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South African project shows wheeling power potential, expert says

Out-Law News | 15 Nov 2021 | 4:26 pm | 2 min. read

News that the first major energy wheeling project in South Africa is operational suggests the model could provide a solution to the country’s need for a reliable power supply, an expert has said.

The Mahlako Energy Fund announced in early November that its 10MW solar plant in the Northern Cape had reached commercial operation. The project will provide clean energy to Amazon Web Services via the Eskom grid.

Wheeling is when electricity is produced in one area and connected to a grid, but sold to an end user in a further remote area of the grid.

The project is the largest energy wheeling project in South Africa to date. Energy law expert Emma Dempster of Pinsent Masons, the law firm behind Out-Law, said it demonstrated the ability of South Africa to move towards an open-market model.

“This is a noteworthy achievement given the current challenges to implementing a wheeling transaction that would have to be overcome, particularly taking into account that the project was implemented prior to the recent licence relaxations,” Dempster said.

The South African government announced in June 2021 that it was changing the Electricity Regulation Act to extend a licensing exemption applicable to embedded generation projects. The change lifted the threshold for a licence exemption for generators operating an embedded generation facility from 1MW to 100MW, with the amendments coming into force on 13 August 2021.

Dempster said energy wheeling could help meet South Africa’s need for a reliable power supply by removing the need to have the generation facility co-located with a single offtaker’s premises. This, she said, would enable developers to take advantage of the ability to install larger generation facilities, at a location best suited to maximise the renewable energy source, and sell the energy to multiple offtakers.

“Although wheeling has, in principle, been permitted in South Africa for some time, the structure of the South African market remains mostly a single-buyer model given the practical and regulatory challenges that need to be overcome in order to implement a wheeling transaction,” Dempster said.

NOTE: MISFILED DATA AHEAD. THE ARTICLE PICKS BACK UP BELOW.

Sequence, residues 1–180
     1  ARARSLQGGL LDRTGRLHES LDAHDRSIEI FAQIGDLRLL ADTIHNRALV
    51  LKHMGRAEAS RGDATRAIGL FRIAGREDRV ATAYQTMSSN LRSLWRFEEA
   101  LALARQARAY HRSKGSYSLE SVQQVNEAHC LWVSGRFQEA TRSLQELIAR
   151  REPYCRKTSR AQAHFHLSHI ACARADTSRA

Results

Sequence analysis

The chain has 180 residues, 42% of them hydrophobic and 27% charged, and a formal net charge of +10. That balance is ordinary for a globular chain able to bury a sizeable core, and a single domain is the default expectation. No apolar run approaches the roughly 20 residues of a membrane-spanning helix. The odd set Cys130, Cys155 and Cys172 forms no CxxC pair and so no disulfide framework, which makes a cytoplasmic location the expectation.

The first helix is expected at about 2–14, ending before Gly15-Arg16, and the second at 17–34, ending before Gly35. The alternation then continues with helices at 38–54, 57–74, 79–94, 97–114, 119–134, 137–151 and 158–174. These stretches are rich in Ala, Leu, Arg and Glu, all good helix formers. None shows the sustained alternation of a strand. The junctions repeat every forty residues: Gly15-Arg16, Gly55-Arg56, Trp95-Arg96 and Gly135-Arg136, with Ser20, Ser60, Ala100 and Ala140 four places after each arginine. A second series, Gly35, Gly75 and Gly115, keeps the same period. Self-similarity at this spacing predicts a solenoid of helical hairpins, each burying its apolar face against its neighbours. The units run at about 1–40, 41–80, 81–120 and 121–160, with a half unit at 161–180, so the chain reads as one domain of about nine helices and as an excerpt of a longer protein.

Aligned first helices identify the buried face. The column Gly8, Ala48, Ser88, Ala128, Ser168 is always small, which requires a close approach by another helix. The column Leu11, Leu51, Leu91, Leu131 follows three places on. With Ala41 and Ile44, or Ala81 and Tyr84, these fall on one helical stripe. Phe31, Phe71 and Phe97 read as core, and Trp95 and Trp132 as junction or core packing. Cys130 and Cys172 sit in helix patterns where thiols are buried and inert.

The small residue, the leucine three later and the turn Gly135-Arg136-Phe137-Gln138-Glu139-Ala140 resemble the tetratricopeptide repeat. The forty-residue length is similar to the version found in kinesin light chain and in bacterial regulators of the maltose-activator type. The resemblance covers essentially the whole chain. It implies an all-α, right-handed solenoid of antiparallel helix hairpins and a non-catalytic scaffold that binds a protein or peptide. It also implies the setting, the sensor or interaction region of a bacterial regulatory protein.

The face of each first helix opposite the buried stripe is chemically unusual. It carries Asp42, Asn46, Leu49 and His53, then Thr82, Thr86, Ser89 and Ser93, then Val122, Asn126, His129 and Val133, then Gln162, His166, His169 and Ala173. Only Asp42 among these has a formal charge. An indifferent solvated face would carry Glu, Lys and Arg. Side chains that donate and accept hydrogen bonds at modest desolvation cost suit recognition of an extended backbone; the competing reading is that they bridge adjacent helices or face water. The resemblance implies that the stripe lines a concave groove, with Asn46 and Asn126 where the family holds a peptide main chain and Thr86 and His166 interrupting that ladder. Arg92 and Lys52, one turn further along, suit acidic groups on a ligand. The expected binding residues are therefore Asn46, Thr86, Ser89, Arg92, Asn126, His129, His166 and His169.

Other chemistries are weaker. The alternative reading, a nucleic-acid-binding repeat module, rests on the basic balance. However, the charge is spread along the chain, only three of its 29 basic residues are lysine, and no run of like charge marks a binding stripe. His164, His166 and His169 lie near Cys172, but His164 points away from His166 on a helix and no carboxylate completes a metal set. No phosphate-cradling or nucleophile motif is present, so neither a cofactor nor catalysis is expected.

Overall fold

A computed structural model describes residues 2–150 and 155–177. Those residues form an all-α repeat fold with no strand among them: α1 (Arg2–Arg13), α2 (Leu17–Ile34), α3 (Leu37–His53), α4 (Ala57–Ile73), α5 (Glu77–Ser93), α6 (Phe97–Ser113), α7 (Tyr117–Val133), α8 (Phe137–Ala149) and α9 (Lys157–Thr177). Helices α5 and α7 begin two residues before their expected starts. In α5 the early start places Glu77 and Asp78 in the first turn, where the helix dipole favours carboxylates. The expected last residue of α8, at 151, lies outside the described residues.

According to Dempster, despite the relaxation of the licensing requirements, there remain regulatory hurdles for developers to overcome to successfully implement a wheeling transaction.

“A developer still has to conclude the relevant grid access arrangements, which is challenging if the energy is intended to be wheeled across grids owned by different licensed distributors or transmitters, as there is no standardisation across policies governing wheeling, including the relevant tariff methodologies,” Dempster said.

“Another challenge is determining the actual cost of wheeling and the impact this has on the cost of energy to the offtaker. While the National Energy Regulator of South Africa has drawn up guidelines in this respect, the costing model is complex and there is a lack of transparency on the calculation of the costs associated with wheeling,” she said.

Dempster said there was still a need to improve the regulatory framework to standardise the approach taken by distributors and transmitters to wheeling, as well as the tariff methodologies employed, to truly open up the market.